ASCO: Gleevec Confirmed As First-Line Therapy for CML

Five-year study shows it extends survival and reduces the risk of disease progression

MONDAY, June 5 (HealthDay News) -- In patients newly diagnosed with chronic myeloid leukemia (CML), long-term imatinib (Gleevec) therapy significantly improves survival and progressively reduces the risk of disease progression compared to standard therapy, according to research presented this week at the 42nd annual meeting of the American Society of Clinical Oncology in Atlanta.

Beginning in mid-2000, Brian J. Druker, M.D., of Oregon Health and Science University in Portland, and colleagues studied 1,106 patients at 117 centers in 16 counties with a median follow-up of 54 months. At the start of the trial, they randomly assigned half of the patients to receive imatinib and half to receive the standard treatment with interferon-alpha and cytarabine arabinoside.

The researchers found that overall survival in the imatinib group was 89 percent, and 95 percent when non-CML causes of death were excluded. They also found that 93 percent of the imatinib group did not progress to accelerated phase/blast crisis (AP/BC). The imatinib group's annual rate of progression to AP/BC declined to less than 1 percent in the fourth year. After the interferon-alpha group was later allowed to cross over to imatinib, only 3 percent continued on interferon-alpha therapy.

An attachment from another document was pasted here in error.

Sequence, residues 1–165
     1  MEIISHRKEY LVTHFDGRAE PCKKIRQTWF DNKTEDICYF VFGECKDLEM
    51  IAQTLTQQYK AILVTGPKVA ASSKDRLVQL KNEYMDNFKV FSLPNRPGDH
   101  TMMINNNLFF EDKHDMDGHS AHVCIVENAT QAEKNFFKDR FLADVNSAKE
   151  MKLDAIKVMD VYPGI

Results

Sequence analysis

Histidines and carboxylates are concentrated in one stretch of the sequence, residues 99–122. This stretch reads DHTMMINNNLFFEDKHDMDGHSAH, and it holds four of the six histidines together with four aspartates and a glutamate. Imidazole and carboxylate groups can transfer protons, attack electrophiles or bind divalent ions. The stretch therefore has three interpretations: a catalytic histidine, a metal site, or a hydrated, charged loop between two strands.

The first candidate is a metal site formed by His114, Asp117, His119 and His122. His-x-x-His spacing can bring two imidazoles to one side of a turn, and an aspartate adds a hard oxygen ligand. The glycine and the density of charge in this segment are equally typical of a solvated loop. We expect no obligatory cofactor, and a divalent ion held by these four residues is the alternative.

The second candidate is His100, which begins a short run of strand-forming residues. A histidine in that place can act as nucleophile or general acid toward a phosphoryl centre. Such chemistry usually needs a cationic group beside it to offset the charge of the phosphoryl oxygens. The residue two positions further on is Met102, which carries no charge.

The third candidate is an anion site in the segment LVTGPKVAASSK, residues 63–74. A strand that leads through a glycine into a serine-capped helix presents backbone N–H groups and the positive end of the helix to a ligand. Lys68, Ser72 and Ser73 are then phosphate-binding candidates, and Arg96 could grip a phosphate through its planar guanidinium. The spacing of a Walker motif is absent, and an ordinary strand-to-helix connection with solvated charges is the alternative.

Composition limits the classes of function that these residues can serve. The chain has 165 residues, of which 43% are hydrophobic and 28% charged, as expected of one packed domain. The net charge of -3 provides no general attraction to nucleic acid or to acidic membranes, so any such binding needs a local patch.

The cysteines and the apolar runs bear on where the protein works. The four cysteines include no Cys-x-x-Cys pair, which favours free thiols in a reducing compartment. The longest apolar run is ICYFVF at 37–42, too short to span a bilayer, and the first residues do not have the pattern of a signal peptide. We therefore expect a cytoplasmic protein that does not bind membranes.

"Late responses to imatinib occur and responses are durable," Druker said. "Imatinib is confirmed as the standard first-line therapy for all CML patients."

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Rick Ansorge

Rick Ansorge

Updated on June 05, 2006

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